About the production
In Remote Belgrade, a group of 50 people set off into the city wearing headphones. They are guided by a synthetic voice - as we know them from GPS navigators. The encounter with this artificial intelligence leads the group to perform an experiment on themselves. How are joint decisions made? Who do we follow when we are guided by algorithms?
50 people watch each other, make individual decisions and yet remain always part of a group. While the artificial intelligence observes human behavior from a distance, the voice, step by step, sounds more familiar. Along the way, binaural recordings and film scores provide a soundtrack for the urban landscape. The journey through the city feels more and more like a collective film.
Remote Belgrade questions artificial intelligence, big data and our predictability. As the project tours from city to city, each new site-specific version builds upon the dramaturgy of the previous city.
STEFAN KAEGI produces documentary theatre plays, radio shows and works in the urban environment in a diverse variety of collaborative partnerships. Using research, public auditions and conceptual processes, he gives voice to ‘experts’ who are not trained actors but have something to tell. This is how he directed “Mnemopark,” a model railway world in the Basel Theatre - a live film (set in 1:87 scale) that has been shown in over thirty cities between Tokyo and Montreal. Kaegi has toured across Europe and Asia for over three years with two Bulgarian lorry drivers and a lorry converted into a mobile audience room (“Cargo Sofia”). In 2008, he developed “Radio Muezzin” in Cairo - a project about the call to prayer in our age of technical reproduction, and in 2011, “Bodenprobe Kasachstan” about migration and oil in central Asia. At the moment, he is touring with “Remote X”, a modular site-specific audio-tour for hordes of 50 listeners. In 2010, Kaegi was awarded the European Prize for Cultural Diversity. In 2011, Kaegi curated the “Idiom”- section of the Malta Festival Póznan. Kaegi co-produces works with Helgard Haug and Daniel Wetzel, under the label “Rimini Protokoll”. Rimini Protokoll’s purpose is to pry apart the sense of reality and present all its facets from unusual perspectives. Rimini Protokoll was awarded the Faust Theatre Prize in 2007, the European Prize for New Theatre Forms in 2008 and in 2011 the silver lion of the Biennale for Performing Arts in Venice. The multi-player video-installation “Situation Rooms” about the weapons-industry got the Excellence award at the 17th Japan Media Festival. In 2015, Stefan Kaegi has received the Swiss Grand Award for Theatre / Hans Reinhart Ring.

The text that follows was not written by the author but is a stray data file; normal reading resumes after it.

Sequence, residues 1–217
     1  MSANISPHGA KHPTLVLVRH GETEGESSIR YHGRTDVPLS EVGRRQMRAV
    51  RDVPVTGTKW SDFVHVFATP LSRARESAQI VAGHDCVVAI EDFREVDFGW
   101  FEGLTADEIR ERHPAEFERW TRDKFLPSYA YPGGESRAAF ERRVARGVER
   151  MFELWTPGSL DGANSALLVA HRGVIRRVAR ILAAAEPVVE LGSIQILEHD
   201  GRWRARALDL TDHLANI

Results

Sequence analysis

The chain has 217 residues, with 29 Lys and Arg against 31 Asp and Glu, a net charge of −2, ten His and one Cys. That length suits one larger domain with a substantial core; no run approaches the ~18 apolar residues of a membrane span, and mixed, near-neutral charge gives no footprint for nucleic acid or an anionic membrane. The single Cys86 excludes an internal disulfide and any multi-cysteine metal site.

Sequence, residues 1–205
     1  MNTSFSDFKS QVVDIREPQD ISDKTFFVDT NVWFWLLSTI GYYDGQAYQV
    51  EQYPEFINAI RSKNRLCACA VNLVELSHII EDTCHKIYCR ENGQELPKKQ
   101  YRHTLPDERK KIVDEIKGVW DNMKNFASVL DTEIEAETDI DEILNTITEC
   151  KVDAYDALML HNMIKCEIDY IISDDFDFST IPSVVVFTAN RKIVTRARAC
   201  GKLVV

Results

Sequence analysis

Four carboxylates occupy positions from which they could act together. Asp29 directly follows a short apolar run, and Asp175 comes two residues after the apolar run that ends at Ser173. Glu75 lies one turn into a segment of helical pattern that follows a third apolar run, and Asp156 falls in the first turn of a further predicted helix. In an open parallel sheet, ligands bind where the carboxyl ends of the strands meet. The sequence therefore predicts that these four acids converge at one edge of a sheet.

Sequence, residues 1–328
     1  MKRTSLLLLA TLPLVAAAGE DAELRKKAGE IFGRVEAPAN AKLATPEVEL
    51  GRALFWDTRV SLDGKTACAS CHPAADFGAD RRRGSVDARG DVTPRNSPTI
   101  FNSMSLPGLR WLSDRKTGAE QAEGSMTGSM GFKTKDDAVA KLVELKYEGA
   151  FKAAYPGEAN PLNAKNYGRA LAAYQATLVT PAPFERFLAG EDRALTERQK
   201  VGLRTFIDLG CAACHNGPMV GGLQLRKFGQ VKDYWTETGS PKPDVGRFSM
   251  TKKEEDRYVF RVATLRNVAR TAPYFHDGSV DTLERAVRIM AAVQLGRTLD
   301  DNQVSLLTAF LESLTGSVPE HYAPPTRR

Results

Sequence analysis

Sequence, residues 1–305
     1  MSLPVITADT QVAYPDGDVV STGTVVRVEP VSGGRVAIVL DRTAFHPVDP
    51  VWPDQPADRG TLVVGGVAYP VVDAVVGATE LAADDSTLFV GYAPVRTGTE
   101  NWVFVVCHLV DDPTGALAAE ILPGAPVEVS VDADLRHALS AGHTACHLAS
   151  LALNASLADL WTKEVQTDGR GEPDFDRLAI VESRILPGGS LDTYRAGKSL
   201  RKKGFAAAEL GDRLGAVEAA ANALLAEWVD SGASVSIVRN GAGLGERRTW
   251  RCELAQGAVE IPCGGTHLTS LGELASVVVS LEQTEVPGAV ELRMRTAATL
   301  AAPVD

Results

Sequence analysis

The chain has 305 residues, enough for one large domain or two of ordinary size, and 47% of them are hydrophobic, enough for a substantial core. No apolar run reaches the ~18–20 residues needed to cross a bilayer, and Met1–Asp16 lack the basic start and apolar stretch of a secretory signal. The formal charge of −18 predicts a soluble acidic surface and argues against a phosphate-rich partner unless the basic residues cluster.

At 52nd Bitef 2018, performance Nachlass, pièces sans personnes, based on the concept by Stefan Kaegi, and produced by Théâtre Vidy-Lausanne, won Grand Prix “Mira Trailović” and Politika Award.
From the reviews:
The voice Margaux, a faceless shepherd, takes the possession of our body and we are forced to analyse our behaviour in order to recognize our weaknesses, our indifference to others, our loss of power in the face of technology and the ephemeral nature of our passage on Earth. And shows us that the city is a scene that we do not always appreciate at its true value. No matter where the performance takes place, it is our identity and our free will that Margaux puts to the test.
Florence Vierron, Le Figaro
We are the reverse version of the Japanese saying, “An arrow breaks, many arrows do not break”. Because the more we are, the easier we break. Alone, unseen, I may be able to resist the voice. But in the group? “Go over the traffic light,” the voice says. “Even if it’s red.” We hurry and obey. “Every traffic light,” says the voice, “is a little lesson in automated dictatorship.”
Axel Weidemann, Frankfurter Allgemeine Zeitung
“It’s also about manipulation, who controls what. How a director controls the audience and how does an audience, when it invades public spaces, control others through the fact that they are a majority.”
“What happens if you decide not to participate?” says Karrenbauer. He continues: “This kind of technology pretends to improve our lives, to help us through day to day, guiding us in the car, but potentially, in the future, telling us what to eat and drink and think. Big data companies are gathering that information.” Remote X lets us be led by it and asks whether or not we’re comfortable with that.
Matt Trueman, The Stage